Master of Science (MS)
Biomedical and Veterinary Medical Sciences - Veterinary Clinical Sciences
Chlamydophila psittaci causes severe disease in birds and humans, and important economical losses in the avian companion and poultry industry. Vaccines are the most cost-effective measure to control and help prevent infectious diseases, but to date there is no commercial vaccine available. A randomized clinical trial was conducted to assess the efficacy of two recombinant DNA vaccines against C. psittaci in Cockatiels (Nymphicus hollandicus). The first recombinant DNA vaccine has a gene encoding MOMP and the immunostimulant chitosan (MOMP DNA vaccine). The second recombinant DNA vaccine, contained the gene encoding MOMP that was vectored by a replication defective human adenovirus (adeno-MOMP vaccine). Forty adult cockatiels (Nymphicus hollandicus) were used for this study, and divided into each of the vaccinated groups (n=10), positive control (n=10) and a negative control (n=10). The animals were vaccinated on days 0 and 21 with the corresponding vaccine (DNA MOMP vaccine group, adeno-MOMP vaccine group, negative control group) or placebo (positive control group), and both vaccine groups and the positive control were challenged on day 42 Receiving 0.1 ml of inoculum IN containing approximately 106 C. psittaci live organisms. The negative control group was not challenged with any live organisms. The animals were monitored daily for the presence of rhinitis, conjunctivitis, dyspnea, diarrhea and depression. On days 46, 49, 52, 55, 70 and 82, combined choanal and cloacal swabs were taken and submitted for C. psittaci PCR. The surviving birds were tested on day 82 for antichlamydial antibodies (IFA) and for the presence of C. psittaci (PCR) from whole blood and combined choanal-cloacal swabs, and then humanely euthanized. The birds were submitted for necropsy and examined for the presence of macroscopic lesions on conjunctiva, lungs, airsacs, heart, spleen and liver. Individual samples from each of those tissues were taken for histopathology and pooled samples were submitted for C. psittaci culture. There was a failure to detect antibody response by indirect immunofluorescent assay. The cockatiels developed mild clinical signs and minimal mortality after challenge. The necropsy and histopathologic evaluation of the tissues revealed mild to moderate lesions and no significant difference with positive control. Further studies are needed to evaluate the efficacy of the vaccines.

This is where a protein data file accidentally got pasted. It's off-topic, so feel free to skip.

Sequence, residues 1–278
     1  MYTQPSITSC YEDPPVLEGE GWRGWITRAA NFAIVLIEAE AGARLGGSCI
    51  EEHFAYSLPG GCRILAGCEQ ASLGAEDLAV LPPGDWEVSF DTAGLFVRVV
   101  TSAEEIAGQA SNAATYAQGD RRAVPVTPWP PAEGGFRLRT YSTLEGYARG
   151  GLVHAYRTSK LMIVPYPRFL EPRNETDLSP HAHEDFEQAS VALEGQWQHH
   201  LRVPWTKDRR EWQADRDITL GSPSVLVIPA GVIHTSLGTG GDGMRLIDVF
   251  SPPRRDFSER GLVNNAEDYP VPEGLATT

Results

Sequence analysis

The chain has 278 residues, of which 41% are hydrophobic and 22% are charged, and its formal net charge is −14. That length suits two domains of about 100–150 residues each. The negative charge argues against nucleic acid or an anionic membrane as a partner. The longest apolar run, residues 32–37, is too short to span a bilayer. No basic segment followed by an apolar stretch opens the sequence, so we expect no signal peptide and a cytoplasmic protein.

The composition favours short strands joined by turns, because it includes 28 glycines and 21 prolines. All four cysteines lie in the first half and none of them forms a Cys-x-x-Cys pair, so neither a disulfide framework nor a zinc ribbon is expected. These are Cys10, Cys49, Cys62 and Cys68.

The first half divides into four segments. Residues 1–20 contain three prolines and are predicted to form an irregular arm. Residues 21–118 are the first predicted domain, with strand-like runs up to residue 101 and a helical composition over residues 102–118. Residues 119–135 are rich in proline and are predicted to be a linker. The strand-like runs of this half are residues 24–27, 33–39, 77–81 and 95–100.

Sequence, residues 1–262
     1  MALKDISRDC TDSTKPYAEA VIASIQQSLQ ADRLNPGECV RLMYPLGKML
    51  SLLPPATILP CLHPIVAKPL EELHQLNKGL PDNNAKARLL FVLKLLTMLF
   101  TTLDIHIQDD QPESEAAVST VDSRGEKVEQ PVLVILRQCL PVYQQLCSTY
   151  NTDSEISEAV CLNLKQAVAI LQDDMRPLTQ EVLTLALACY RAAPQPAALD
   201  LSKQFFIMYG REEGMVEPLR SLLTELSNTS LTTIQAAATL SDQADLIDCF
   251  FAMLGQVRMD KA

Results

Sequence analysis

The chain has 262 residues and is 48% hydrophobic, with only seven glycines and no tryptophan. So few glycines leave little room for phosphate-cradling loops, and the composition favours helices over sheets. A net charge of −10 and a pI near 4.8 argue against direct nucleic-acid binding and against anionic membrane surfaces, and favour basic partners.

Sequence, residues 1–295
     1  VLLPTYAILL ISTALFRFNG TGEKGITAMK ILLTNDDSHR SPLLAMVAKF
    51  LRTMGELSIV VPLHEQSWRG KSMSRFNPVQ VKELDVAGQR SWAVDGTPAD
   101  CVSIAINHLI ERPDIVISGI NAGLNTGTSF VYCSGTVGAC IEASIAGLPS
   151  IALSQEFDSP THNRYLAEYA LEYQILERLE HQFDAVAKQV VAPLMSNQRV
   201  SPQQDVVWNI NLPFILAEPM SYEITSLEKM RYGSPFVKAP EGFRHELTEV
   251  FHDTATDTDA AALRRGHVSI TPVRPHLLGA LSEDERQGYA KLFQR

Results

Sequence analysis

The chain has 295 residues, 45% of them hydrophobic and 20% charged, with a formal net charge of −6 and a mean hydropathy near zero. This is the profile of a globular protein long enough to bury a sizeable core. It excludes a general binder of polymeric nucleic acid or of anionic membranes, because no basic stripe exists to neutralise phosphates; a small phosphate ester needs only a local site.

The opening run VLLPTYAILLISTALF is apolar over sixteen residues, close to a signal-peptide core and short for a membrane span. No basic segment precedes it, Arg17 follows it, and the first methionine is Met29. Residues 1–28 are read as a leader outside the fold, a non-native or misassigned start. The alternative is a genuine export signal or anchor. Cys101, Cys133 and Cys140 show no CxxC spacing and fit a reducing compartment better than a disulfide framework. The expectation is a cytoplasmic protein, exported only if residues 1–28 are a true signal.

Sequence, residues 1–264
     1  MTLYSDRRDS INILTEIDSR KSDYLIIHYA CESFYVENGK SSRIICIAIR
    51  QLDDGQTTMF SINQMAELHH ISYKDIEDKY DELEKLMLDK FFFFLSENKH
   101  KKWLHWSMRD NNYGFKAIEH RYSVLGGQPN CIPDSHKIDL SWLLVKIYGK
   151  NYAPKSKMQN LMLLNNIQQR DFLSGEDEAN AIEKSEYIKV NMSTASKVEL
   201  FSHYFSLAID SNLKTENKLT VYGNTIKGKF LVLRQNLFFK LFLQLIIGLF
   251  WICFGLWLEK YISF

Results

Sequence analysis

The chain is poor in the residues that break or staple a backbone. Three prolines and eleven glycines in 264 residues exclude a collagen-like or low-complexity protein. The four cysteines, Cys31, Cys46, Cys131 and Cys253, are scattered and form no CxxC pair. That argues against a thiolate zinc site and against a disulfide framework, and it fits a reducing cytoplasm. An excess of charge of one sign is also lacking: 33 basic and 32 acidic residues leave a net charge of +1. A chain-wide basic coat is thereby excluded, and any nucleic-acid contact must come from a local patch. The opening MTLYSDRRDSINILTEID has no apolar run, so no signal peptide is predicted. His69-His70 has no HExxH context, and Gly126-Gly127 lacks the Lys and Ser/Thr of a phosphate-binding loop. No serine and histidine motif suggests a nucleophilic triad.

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Sanchez-Migallon Guzman, David, "Randomized controlled trial evaluating adeno-MOMP and MOMP DNA vaccines against chlamydophila psittaci challenge in cockatiels (Nymphicus hollandicus)" (2008). LSU Master's Theses. 3450.
Thomas N Tully